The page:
By Jonathan Vu (UC Berkeley) and Roshan Setlur (Columbia University).
There’s no doubt that COVID-19 harmed global M&A activity, with the number of M&A transactions in Q2 falling nearly 30% when compared to 2019. However, the healthcare industry has dominated M&A activity during COVID-19, which has been defined as the period between March 11, 2020, to the present. Healthcare M&A activity in 2020 has only decreased by 20% compared to 2019 YTD, with deal volumes in biotech, pharma, and medical devices at similar levels in Q1 and Q2 compared to 2019. Moreover, some of the largest deals of 2020 have come from the healthcare sector, with Teladoc’s $18.5 billion acquisition of Livongo and Siemens’s $16.4 billion acquisition of Varian being the most significant ones.
What is most striking about this trend is that in the age of COVID-19, when so many executives across the business world saw their M&A deals disintegrate at the drop of a dime, activity in the healthcare industry is booming more than ever. In fact, and rather serendipitously, several healthcare-oriented deals that weren’t otherwise slated to take place were accelerated by the looming pandemic. A closer look at any one of the deals that closed in the second or third quarter of this year or that are projected to close in the near future point to this trend, but a look at the aggregate numbers is perhaps most revelatory. For reference, healthcare-related systems saw 14 transactions during the second quarter of 2020. This number certainly marked a decrease from the previous quarter in which 29 transactions were announced. However, a look at the year-over-year numbers suggest a steadiness unsullied by the hand of COVID; there were 19 merger and acquisition transactions during the second quarter of 2019.
Graph: Global Volumes of M&A Transactions (Capital IQ)
Graph: M&A Transaction by Sector (Capital IQ)
Graph: Global Pharmaceuticals & Life Sciences Deal Volumes and Values (PWC)
The healthcare industry isn’t insulated from the economic effects of COVID-19, with the industry pivoting their focus towards the care of critical and COVID patients. With this shift, in addition to the effects on many of these companies’ bottom lines, other vital activities have been put on hold, such as clinical trials for non-COVID related products and elective procedures. Nonetheless, healthcare has been dominating M&A activity in this COVID era due to the continued growth in this inelastic industry and strategy changes by leadership.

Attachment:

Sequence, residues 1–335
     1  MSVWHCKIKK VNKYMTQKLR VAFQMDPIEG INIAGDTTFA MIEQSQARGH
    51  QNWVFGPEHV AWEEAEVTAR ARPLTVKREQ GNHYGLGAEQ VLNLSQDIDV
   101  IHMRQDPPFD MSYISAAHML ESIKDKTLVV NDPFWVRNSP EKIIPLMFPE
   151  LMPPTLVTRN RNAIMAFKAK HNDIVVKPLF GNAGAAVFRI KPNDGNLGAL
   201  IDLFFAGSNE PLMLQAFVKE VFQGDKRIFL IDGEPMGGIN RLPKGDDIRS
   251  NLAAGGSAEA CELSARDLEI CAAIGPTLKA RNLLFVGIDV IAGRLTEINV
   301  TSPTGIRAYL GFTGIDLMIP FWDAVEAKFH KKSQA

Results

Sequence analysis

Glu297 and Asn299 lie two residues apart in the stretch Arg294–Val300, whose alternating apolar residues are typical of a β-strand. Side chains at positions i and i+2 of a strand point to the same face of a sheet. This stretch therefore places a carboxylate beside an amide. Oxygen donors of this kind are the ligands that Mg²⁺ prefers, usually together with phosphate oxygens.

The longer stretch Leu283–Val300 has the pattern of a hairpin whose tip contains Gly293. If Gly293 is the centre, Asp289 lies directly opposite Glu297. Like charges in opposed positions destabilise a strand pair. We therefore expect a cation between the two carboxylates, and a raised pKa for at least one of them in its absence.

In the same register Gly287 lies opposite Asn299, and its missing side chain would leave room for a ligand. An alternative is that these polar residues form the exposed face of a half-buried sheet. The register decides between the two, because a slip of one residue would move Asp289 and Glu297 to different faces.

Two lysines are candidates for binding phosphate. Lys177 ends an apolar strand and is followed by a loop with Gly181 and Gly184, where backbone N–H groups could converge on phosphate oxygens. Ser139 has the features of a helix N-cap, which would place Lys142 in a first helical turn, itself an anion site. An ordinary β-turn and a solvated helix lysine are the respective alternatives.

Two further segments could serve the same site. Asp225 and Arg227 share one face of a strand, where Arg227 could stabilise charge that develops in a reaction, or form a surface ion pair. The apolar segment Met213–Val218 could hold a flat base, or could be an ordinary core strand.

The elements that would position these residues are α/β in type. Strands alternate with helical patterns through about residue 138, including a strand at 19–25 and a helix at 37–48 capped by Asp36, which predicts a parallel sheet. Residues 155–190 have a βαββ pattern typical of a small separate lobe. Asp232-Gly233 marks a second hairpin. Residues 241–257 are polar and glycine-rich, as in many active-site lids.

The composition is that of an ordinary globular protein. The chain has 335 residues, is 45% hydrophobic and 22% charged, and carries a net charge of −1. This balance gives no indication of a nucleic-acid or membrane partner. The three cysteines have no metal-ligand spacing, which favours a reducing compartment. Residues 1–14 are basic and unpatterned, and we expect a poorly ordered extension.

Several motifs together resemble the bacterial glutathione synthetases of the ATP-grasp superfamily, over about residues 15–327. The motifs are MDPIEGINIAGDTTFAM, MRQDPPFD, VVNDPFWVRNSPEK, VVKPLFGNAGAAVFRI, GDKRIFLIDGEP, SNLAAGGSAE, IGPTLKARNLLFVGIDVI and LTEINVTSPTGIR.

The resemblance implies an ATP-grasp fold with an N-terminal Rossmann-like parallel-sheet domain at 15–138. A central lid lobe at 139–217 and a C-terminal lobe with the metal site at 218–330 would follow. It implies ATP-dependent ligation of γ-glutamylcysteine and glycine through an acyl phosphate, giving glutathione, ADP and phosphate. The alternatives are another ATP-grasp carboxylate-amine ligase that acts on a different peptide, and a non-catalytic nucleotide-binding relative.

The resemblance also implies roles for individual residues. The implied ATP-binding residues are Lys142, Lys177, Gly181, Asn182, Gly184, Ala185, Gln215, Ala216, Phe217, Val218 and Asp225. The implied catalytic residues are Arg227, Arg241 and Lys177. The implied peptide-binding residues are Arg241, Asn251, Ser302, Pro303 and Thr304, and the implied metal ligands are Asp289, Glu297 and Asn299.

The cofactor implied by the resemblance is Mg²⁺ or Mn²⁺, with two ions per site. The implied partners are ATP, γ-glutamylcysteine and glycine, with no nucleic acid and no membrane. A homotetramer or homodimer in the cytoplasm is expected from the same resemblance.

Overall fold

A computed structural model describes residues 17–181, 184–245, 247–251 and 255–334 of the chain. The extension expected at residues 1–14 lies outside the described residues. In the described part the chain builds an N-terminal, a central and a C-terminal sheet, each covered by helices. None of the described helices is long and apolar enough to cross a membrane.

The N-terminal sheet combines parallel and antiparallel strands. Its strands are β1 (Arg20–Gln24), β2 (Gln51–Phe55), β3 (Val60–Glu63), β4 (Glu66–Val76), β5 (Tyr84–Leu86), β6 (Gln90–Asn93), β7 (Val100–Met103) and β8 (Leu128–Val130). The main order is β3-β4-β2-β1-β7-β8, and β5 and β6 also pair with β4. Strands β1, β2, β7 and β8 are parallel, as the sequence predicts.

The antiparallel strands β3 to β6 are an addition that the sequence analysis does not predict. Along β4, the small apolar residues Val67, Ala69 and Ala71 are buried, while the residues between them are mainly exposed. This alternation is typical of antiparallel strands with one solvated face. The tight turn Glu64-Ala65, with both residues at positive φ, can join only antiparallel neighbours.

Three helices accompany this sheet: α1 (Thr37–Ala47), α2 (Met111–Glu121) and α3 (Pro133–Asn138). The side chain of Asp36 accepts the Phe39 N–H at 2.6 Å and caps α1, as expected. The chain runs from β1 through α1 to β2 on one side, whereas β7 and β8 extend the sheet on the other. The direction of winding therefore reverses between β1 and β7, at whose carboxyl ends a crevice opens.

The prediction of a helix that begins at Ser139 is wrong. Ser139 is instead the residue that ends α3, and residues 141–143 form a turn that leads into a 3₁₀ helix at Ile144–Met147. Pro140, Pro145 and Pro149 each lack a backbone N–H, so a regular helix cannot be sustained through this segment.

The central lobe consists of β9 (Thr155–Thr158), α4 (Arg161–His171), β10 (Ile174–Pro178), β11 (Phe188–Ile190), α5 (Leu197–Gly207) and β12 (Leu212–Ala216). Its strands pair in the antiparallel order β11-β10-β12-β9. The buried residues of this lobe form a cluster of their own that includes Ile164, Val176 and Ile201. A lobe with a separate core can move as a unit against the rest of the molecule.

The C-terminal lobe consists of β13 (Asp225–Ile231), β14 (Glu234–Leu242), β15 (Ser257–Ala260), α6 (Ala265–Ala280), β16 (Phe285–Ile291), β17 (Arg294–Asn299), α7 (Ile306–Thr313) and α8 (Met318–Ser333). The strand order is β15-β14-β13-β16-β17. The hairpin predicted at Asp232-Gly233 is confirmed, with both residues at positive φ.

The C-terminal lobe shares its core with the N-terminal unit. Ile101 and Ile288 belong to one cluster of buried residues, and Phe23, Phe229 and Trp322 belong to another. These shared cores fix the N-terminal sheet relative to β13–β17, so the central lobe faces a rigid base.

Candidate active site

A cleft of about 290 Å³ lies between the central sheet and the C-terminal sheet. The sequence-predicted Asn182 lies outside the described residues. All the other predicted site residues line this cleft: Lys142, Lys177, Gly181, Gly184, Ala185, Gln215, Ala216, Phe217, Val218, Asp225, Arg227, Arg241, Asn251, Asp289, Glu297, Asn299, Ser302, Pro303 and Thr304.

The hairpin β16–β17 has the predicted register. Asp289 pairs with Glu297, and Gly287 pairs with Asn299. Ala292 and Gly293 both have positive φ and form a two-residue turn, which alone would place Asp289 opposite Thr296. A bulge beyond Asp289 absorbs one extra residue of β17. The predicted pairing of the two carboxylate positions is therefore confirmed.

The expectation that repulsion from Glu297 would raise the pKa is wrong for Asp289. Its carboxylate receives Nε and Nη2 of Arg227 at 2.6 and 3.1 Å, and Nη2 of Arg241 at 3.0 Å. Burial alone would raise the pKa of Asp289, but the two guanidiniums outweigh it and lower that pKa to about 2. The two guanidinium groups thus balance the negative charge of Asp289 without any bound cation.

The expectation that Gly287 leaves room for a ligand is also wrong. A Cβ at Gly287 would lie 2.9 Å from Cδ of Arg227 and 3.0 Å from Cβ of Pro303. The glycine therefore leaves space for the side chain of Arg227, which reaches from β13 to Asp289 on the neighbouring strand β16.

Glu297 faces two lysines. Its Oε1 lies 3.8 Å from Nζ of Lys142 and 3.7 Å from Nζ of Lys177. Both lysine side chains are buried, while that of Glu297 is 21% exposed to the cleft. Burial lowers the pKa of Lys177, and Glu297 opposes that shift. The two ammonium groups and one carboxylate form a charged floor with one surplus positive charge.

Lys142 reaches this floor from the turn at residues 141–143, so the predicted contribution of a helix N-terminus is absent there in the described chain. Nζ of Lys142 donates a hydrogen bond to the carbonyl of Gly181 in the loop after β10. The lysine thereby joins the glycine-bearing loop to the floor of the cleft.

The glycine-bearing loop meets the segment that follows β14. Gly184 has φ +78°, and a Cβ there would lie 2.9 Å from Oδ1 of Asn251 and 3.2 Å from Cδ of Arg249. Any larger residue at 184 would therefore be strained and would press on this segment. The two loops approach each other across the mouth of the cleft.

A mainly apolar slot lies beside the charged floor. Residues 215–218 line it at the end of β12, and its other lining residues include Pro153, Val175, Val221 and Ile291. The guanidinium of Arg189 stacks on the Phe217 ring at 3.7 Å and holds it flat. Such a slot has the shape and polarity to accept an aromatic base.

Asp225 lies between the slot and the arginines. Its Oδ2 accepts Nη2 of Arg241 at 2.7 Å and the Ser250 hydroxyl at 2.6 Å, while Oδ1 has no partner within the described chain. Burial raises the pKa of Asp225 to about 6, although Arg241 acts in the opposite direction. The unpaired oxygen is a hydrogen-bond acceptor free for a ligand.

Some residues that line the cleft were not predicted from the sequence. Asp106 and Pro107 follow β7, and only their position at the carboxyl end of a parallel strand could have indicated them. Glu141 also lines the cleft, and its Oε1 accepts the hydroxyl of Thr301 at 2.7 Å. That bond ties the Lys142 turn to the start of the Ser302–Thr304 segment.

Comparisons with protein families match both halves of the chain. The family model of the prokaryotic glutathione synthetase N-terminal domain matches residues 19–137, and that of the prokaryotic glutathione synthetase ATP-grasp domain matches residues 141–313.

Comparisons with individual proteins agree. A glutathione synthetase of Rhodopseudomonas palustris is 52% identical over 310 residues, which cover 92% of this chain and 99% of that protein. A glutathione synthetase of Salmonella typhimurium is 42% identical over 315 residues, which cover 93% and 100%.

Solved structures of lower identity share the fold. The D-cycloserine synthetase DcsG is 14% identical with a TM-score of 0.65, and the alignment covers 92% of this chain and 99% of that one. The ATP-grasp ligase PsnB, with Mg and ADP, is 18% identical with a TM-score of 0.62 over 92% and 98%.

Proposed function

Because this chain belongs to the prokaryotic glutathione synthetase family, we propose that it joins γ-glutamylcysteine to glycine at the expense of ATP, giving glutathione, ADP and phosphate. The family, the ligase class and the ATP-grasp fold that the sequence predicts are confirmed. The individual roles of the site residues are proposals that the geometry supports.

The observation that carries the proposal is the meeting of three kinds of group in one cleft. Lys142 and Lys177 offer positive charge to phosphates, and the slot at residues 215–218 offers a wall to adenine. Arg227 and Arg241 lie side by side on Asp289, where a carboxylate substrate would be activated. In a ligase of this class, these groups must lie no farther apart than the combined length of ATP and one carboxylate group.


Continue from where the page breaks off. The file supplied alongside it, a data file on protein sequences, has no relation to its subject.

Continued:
First, continued growth in healthcare spending is helping to maintain M&A activity during COVID-19. As reported by Deloitte, the healthcare industry has an expected compound annual growth rate of 5% through 2023. There are several contributing factors to this continued growth. The most obvious factor is the world population is expected to reach 8.5 billion people by 2030, combined with longer life expectancies, will continue to drive growth in both B2B and B2C sales in healthcare. Furthermore, Asia and the Middle East/Africa are estimated to have accelerated spending growth at 7.1 and 7.4 percent respectively. This continued growth in an inelastic industry, despite significant economic downturns, means that major players still have a continued need to use M&A as their primary tool to address weak points and growth opportunities.
Teladoc’s acquisition of Livongo shows how healthcare companies have used M&As to address major growth opportunities during the pandemic. Routine visits and other appointments have moved to virtual platforms in order to limit the spread of COVID-19; this trend is expected to continue as more and more patients are now reluctant to enter hospitals and prefer virtual visits over normal ones. This sustained growth in virtual visits seems to be a main driver behind Teladoc’s recent $19 billion acquisition of Livongo. As Livongo provides remote monitoring for 400,000 patients with chronic conditions, the acquisition will allow Teladoc to build a more complete portfolio of products. By adding remote monitoring to Teladoc’s already existing services, the company will be in a unique position to gain market share since expanded product portfolio gives an advantage over competitors with a limited scope of virtual services.
Secondly, healthcare has dominated M&A activity because of strategy changes by C-suites in response to COVID-19’s economic repercussions. There’s no doubt that COVID-19 has caused significant economic turmoil, with the United States alone suffering a nearly 33% drop in GDP in Q2. With hospitals needing to take care of both critical and COVID patients, hospitals have been required to put other activities on hold to guarantee staff and patient safety. Some of these activities include clinical trials for a variety of new products, elective procedures, and non primary care visits. While there has been a pivot towards telemedicine, COVID-19 has greatly affected the bottom line of the healthcare industry.